The Aquarists' Fish: The Headstander
By Dr David Ford,
Consultant to Aquarian®, member of Halifax AS.
As Hans Baensch says in
the 'Aquarium Atlas' - "Anyone who has not kept this fish cannot be called
a true aquarist". He is referring to the most popular of all the Headstanders
the Striped Anostomus, Anostomus anostomus. The reason is that this fish has all
the attributes for survival in the home aquarium, but is still a challenge to
keep and breed in captivity.
The fish lives in the rivers of the Amazonian
Rainforest, in the fissures of rocky faces where it picks at the algae. It lives
with large shoals, but will leave the group to forage for insects and worms to
supplement the herbivorous diet.
This means it can live in a community aquarium
as a lone specie, or be part of a large shoal in a theme tank. However, with rocky
face living (just like many Rift Valley Cichlids) the fish can be territorial,
so provide some slabs of rock for the fish to call home. Keep a shoal and they
will group around this home, keep just a few (say a trio) then each will try to
own the space and aggression follows.
Since the fish needs algae, a brightly
lit aquarium is ideal. Live plants are not eaten, but the fish needs the broader
leaf varieties where it can peck at algal growth. Water should be of medium hardness
and slightly acidic, but it will accept ordinary (dechlorinated) tapwater. Hence,
again, the fish will live in the aquarist's average tank, but to develop the fish's
true colours the water chemistry must be controlled.
Those colours are superb
- the fish is the most colourful of all the South American Characins with its
zig-zag patterns, golden yellow stripes and blood red flashes in the tail.
is also a challenge with no records of aquarium spawning to date (unless any readers
of this article have succeeded - let us know!).
tried - and failed - to get the Anostomus to breed. It is claimed to be an egg
scatterer and Killifish-style mops have been used. The fish probably breeds at
depth in the wild, something that cannot be reproduced in the usual 15" (38cm)
deep aquarium. For pairing there is little sexual difference, the males are just
slightly slimmer. I never produced a female fat with eggs, despite an ideal diet
That ideal diet was Aquarian® flake plus Spinach (baby
food from a jar) and the occasional worm (clean, home-bred, live tubifex). On
this food the fish grew to the maximum size (quite large - 5 inches/12cm) and
lived several years, but there were no descendants to continue the trials in the
Another special attraction
of the Striped Anostomus is its peculiar swimming habit, with the head downwards
- which, like Concorde, rises with speed! The fish also topples over as it grubs
in the base sand (which is better than gravel for these fishes) for worms. This
is because the mouth is upturned for algal grazing.
In fact there are a
whole family group of these 'Headstanders' from the Amazon river. They all show
the swimming or resting in the head down position and this gave them their name.
This is a universal name too - the Spanish call the fishes 'pez verticales'.
are all Characins with typical adipose fin and torpedo shape. All are from the
Amazon basin (and are therefore called the American Characins) and, as usual,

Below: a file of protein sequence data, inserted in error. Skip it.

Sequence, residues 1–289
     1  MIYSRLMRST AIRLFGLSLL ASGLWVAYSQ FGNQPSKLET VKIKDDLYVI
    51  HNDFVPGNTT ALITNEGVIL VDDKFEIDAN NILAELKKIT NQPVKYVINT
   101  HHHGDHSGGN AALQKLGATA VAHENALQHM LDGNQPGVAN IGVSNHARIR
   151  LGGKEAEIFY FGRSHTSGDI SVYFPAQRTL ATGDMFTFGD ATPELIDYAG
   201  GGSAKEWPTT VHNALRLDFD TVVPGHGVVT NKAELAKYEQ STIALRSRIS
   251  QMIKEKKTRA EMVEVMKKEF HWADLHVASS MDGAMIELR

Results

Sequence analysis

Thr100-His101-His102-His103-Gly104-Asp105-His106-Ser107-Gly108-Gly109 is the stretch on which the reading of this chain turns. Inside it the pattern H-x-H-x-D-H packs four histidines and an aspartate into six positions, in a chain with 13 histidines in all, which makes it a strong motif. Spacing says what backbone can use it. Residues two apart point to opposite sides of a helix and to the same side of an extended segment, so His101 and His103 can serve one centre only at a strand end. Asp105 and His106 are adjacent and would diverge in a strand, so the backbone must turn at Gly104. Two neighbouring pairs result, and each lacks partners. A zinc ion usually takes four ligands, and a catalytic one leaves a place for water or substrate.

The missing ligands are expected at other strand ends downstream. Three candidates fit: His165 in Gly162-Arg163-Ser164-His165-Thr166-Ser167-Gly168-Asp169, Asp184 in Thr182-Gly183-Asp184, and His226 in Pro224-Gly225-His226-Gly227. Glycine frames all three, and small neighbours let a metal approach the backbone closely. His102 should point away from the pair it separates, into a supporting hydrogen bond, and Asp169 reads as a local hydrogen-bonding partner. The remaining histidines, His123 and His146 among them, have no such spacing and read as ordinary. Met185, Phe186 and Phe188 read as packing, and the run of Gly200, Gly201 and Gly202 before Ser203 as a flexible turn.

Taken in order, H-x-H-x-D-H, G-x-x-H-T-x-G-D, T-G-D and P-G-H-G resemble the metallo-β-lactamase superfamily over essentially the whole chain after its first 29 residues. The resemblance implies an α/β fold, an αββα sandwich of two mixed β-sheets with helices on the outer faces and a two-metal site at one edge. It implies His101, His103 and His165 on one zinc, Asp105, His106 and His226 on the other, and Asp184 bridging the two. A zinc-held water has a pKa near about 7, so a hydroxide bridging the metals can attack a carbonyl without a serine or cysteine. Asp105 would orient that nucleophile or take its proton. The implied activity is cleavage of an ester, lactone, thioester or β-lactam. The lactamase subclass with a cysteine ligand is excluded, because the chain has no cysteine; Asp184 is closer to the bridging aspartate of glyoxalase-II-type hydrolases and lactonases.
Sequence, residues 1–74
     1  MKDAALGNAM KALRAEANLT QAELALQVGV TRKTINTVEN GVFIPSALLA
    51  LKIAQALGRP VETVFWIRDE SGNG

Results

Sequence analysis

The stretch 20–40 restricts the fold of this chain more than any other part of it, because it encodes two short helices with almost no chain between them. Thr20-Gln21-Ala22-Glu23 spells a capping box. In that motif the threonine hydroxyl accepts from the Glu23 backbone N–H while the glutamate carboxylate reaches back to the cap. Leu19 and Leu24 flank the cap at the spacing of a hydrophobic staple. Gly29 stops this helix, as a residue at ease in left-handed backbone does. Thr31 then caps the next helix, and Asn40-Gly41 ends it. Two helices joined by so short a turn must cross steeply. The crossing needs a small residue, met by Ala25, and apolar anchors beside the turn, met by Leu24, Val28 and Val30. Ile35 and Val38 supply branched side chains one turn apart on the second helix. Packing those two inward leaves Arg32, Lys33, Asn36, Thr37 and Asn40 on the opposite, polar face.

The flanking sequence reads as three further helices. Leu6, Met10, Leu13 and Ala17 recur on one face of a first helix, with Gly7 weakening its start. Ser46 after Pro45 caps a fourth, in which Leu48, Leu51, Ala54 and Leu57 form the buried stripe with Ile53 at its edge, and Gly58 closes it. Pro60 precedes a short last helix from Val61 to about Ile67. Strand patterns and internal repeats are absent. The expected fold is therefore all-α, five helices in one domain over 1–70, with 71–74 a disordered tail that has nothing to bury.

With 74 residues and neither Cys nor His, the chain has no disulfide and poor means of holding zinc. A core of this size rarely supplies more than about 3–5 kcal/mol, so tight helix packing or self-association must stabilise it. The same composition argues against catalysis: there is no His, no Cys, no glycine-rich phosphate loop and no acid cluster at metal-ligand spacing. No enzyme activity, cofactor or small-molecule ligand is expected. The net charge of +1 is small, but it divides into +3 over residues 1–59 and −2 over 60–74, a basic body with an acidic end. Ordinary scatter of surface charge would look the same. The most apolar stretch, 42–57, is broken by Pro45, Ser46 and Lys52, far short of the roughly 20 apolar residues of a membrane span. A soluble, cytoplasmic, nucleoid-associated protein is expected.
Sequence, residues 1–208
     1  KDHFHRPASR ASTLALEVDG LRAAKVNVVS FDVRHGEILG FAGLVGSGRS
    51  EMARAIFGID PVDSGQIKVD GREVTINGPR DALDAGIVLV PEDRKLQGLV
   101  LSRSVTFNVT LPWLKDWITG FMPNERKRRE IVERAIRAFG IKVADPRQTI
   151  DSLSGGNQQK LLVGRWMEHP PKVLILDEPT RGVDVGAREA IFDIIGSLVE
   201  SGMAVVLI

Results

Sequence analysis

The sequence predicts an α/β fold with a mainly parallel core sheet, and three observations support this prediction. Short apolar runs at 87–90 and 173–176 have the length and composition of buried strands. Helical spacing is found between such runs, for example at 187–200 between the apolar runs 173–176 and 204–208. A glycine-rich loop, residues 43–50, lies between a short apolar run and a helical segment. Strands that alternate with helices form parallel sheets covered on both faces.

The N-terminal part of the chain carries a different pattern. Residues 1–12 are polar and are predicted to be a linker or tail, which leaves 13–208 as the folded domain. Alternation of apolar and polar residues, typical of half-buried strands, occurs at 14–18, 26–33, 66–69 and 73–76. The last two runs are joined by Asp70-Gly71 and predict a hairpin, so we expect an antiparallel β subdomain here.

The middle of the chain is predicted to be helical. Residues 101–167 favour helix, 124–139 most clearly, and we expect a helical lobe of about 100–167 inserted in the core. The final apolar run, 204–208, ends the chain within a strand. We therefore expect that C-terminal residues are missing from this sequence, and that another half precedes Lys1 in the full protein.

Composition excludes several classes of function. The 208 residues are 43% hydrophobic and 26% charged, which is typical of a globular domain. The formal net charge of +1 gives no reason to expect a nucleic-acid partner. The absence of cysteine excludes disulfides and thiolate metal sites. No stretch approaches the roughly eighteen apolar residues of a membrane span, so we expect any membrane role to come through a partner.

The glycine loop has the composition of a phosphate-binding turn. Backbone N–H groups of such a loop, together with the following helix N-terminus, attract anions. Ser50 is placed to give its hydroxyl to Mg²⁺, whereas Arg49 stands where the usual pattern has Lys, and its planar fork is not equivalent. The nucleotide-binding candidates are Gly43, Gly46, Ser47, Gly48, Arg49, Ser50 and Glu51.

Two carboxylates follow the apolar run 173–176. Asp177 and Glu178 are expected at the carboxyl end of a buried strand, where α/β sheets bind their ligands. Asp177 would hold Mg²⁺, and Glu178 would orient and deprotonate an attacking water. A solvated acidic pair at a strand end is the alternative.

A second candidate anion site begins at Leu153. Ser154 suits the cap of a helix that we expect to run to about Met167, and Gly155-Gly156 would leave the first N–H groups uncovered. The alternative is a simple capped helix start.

the common names are confusing. Because Anostomus anostomus is the most popular,
this fish is often sold as the 'Headstander', but the true 'Headstander' is Abramites
microcephalus, although sometimes the name is used for Chilodus punctatus - which
is really the Spotted Headstander.
Common Names Comments
Anostomus anostomus Striped Anostomus The most popular
Abramites microcephalus Headstander Now renamed
Headstander A. hypselonotus
Chilodus punctatus Headstander Like Anostomus
Spotted Headstander but more timid
Anostomus fasciatus Six-barred Anostomus
Anostomus gracilis Four-spot Anostomus Rare, but when
confused with the
Three-spot Anostomus Will eat soft plants
Anostomus taeniatus Banded Headstander
call this fish 'Lisa'
(actually the name
Anostomus ternetzi Anostomus Less colourful than
but more peaceful
There are other Headstanders but you
do not see them in the aquarium trade being rare or too large (in fact some are
caught as a food fish in the Amazon).
Why Stand on your Head?
aquarium literature (nor the Ichthyological literature) offers any reason for
the head-standing behaviour of the Anostomidae. However, when I carried out postmortem
examinations of Anostomus anostomus that eventually died it was obvious that the
swim bladder was further back than occurs in most fishes. Also, the bladder was
thinner to the front and wide at the rear - hence the reason for the head-down
posture. That doesn't explain why the fish has such a different swimbladder, but
certainly gives a reason for the head-down - the tail has to go up!
fishes are also Characins and so have the extra back fin (adipose), but there
is no scientific reason for this fin. Some claim it is vestigial (an organ that
has degenerated over millennia until useless) but others claim it gives added
stability in water dynamics. Perhaps the head-down is a consequence of a vestigial
however, fish such as A. anostomus can easily flip over
and browse upside down or right way round to gather algae from crooks and crevices.
This helps it survive in the wild, even if other foods are scarce, but does give
delightful antics in the home aquarium.
Be a true aquarist - get a Headstander,
or two, or a shoal.
Many Thanks to Dr David